Let’s start with the packaging. For good reason, switching to solid soap bars is frequently recommended as a way to reduce plastic waste. Typically, soap bars are available in recyclable cardboard packages or loose. On the other hand, liquid soap will always be packaged in a plastic bottle.

    Due to its higher water content, those plastic bottles of liquid soap are also significantly heavier than soap bars. This means that they require more energy for transportation and are also more difficult to transport around. Additionally, producing liquid soap requires up to five times as much energy as producing a solid soap bar in the first place. As a bonus point, if you opt for small solid soap makers who craft your soaps in small batches locally, there is a further reduction in carbon footprint and raw material wastage.

    Once you've actually gotten the soap into your own bathroom, the narrative continues. We consume liquid soap far more fast than solid soap bars, according to studies. This may be due to the misconception that more soap provides greater cleaning power or the development of excessively generous pump dispensers by manufacturers to encourage us to purchase more frequently. In either case, we use liquid soap seven times more frequently than solid soap. Additionally, studies have revealed that washing our hands with liquid soap uses about 30% more water than washing them with solid soap bars.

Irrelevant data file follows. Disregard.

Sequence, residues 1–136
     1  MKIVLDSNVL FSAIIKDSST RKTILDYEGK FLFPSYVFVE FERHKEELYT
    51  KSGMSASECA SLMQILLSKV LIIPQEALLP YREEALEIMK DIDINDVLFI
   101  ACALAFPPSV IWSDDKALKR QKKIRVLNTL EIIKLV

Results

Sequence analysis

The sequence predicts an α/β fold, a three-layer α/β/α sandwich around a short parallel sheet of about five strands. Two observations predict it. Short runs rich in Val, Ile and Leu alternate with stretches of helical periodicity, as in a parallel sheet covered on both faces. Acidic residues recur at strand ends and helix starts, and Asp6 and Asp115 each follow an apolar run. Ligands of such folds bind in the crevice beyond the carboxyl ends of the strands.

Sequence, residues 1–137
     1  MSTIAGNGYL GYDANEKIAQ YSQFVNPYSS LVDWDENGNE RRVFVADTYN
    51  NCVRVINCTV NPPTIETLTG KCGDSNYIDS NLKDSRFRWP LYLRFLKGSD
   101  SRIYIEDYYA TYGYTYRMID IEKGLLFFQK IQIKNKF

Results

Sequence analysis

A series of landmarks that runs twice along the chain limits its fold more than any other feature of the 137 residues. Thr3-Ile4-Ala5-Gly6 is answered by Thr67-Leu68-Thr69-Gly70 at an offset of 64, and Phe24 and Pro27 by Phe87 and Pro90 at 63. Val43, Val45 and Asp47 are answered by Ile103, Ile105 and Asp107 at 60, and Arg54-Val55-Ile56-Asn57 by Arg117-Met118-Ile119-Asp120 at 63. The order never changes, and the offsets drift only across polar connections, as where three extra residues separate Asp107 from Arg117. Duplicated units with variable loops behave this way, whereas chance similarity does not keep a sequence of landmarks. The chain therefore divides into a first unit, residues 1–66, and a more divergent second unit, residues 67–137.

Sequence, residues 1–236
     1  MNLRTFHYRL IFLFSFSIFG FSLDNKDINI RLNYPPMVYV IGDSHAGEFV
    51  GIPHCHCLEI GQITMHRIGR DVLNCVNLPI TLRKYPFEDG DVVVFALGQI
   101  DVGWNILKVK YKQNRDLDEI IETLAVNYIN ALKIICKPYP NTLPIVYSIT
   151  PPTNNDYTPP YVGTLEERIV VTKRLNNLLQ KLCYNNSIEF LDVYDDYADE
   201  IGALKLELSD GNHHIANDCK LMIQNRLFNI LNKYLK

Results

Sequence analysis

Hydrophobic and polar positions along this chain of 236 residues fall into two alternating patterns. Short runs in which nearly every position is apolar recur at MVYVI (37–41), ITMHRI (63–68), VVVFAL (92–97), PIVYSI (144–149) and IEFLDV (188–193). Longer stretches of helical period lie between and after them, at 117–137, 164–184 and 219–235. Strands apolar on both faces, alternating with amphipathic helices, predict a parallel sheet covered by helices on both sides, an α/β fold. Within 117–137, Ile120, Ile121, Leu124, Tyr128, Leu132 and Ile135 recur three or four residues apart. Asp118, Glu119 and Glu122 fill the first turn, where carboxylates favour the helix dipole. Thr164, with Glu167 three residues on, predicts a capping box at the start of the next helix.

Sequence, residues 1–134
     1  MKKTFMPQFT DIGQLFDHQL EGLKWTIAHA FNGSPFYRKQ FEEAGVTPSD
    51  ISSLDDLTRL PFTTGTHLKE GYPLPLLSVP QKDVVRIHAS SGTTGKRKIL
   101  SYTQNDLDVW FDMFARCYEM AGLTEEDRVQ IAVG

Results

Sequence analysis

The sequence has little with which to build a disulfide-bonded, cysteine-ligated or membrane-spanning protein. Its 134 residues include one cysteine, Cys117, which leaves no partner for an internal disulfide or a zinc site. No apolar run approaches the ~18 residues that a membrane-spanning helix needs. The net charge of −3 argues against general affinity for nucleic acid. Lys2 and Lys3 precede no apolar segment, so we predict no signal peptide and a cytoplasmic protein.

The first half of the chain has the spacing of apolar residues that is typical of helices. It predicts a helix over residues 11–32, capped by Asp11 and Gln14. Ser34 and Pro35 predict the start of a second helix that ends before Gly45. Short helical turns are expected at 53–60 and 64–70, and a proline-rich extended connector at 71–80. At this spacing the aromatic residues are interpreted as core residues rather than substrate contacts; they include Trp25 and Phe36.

Some people are using refillable dispeners for liquid soaps in a bid to be environmentally friendly. However, this opens up another can of worms with regards to contamination risk. A study shows that one in four public refillable bulk soap dispensers is contaminated with unsafe levels of bacteria, leaving your hands with 25 times more bacteria. 

    Should you swap to solid soap to lessen your impact on the environment? The response appears to be a resounding "yes." The majority of us could easily make this transition right away with little to no inconvenience. We always encourage using a soap dish, or a foaming soap net to help with the switch, but once you get the hang of the routine, you will find that it is not a difficult switch at all.

    The amount of greenhouse gas emissions you actually save each year by using soap bars as opposed to liquid soap, however, would be quite small. That's because a small number of considerably more significant factors—such as the regular transportation we use, the food we consume, and the energy we use to power our homes—dominate our individual carbon footprints. Therefore, if you're serious about wanting to lessen your impact on the environment, start with these elements. When it comes to lessening your impact on the environment, you're already doing a fantastic job if you use a renewable energy source, walk and cycle wherever you can, and cut back on meat and dairy in your diet. And if you want to take things a step further, choose solid soap bars. After all, every little positive choices we are able to incorporate into our lifestyle, to care for the environment will collectively make a bigger impact.